My experience to Duke Skibbington’s is so utterly different, I’m all… “are you sure you’re Greek?” But of course, he’s 3rd generation, and I’m 1.5th generation. (2nd generation, but spent childhood in Greece.)
It is of course to do with assimilation, which is to do with the timespan your family has been in Australia, and with intermarriage out of the ethnic group.
- Aboriginal Australians who were part of the Stolen Generations underwent forced assimilation; they don’t know any of their indigenous language, to their distress. Aboriginal Australians still living a traditional lifestyle in the country’s north are likelier to have held on to their language.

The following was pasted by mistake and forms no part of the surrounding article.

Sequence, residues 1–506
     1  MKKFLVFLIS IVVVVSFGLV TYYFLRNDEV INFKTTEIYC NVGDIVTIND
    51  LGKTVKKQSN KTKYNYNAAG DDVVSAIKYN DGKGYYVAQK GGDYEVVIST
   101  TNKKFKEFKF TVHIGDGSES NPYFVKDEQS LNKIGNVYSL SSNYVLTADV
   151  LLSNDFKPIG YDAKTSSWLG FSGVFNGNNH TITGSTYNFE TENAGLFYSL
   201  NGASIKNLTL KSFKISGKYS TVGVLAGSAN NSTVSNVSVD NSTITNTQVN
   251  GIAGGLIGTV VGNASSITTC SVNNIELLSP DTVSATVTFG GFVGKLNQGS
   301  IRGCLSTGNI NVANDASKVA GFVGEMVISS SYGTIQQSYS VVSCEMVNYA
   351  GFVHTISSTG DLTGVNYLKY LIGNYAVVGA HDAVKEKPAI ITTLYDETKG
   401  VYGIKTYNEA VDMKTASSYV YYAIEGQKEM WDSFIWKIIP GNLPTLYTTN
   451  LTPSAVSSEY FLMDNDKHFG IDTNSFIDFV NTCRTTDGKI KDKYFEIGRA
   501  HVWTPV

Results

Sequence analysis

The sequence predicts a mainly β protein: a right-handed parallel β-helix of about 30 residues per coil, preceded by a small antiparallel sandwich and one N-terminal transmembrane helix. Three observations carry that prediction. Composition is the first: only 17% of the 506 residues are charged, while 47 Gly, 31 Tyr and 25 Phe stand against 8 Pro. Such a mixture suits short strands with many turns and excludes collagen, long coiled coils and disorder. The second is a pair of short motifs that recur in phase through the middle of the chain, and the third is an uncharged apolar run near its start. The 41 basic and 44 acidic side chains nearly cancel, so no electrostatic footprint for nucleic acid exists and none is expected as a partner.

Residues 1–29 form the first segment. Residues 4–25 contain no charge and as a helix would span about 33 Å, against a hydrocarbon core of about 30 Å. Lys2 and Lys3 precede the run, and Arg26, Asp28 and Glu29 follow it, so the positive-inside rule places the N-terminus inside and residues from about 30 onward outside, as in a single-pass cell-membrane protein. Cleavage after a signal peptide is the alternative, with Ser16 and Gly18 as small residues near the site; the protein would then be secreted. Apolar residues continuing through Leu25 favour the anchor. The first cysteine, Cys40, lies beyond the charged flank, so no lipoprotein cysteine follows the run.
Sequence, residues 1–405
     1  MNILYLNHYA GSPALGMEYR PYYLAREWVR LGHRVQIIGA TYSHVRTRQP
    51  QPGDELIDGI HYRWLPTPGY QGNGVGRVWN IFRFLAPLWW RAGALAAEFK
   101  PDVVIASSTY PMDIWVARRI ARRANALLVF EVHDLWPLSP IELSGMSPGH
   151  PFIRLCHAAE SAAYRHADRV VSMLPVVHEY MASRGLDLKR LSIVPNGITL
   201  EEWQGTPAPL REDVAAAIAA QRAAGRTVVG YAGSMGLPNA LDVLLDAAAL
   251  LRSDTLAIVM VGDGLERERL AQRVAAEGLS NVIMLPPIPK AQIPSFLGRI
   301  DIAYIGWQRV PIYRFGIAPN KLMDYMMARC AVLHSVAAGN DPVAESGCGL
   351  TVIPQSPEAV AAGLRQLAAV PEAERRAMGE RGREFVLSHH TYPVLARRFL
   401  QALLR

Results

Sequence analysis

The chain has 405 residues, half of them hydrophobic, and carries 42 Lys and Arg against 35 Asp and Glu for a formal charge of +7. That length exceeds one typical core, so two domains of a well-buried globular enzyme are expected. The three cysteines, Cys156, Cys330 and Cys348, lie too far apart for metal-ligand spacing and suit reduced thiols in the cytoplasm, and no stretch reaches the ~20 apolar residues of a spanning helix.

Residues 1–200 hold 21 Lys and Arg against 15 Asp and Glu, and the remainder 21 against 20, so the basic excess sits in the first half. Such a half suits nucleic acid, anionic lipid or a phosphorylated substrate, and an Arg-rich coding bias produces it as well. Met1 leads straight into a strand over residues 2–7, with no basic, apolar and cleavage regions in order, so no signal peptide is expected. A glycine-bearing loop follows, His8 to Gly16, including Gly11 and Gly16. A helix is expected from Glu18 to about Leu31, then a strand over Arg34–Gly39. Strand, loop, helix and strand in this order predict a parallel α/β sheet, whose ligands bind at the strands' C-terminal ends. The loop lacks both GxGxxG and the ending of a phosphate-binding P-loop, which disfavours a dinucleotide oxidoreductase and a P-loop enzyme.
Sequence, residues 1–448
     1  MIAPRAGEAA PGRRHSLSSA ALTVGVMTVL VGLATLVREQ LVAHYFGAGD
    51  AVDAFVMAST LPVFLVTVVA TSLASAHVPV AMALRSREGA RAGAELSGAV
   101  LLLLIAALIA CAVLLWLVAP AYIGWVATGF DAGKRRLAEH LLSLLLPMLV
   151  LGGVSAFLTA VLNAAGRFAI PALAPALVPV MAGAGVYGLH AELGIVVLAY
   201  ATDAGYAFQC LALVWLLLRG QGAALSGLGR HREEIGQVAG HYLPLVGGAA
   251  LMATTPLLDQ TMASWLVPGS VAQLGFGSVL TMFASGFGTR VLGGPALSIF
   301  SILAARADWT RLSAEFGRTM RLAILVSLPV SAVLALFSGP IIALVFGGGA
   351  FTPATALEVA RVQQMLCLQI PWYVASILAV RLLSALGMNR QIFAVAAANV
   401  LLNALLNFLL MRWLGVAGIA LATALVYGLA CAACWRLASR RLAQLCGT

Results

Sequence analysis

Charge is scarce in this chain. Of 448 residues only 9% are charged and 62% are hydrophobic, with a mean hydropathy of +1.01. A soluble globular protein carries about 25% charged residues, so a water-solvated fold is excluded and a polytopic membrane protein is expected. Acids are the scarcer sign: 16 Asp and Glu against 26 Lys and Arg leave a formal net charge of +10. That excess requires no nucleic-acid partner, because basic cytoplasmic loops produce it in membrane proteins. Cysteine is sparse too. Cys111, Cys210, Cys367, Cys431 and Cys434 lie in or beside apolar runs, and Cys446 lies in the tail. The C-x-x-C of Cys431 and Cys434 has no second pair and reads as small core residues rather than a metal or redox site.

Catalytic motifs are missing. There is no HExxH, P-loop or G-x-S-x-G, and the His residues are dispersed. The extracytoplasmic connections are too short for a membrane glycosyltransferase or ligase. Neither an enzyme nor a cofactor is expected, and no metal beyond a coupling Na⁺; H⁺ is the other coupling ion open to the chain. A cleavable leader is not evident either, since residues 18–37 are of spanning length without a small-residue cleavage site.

- There have been Asians in Australia since the Gold Rush; those Asian Australians are unlikely to have retained their language across 6 generations. The Asian Australians I went to high school with and am still in contact with are 2nd generation; they don’t look like passing their language on.
- Second generation Greeks were known in the 90s to be outliers in how much stronger their retention of Greek was than for other ethnic groups (even though their Greek, as I experienced, was not so much conversational as a secrecy language). But now that we’re in the 3rd generation, their Greek is gone, as Duke reports (and I know other such Greek-Australians).
To the extent that the major wave of Asian migration into Australia was in the 70s–90s, and the major wave of (non-British) European migration into Australia was in the 50s–70s, European–Australians are on aggregate one generation ahead in assimilation. That’s the most one can say.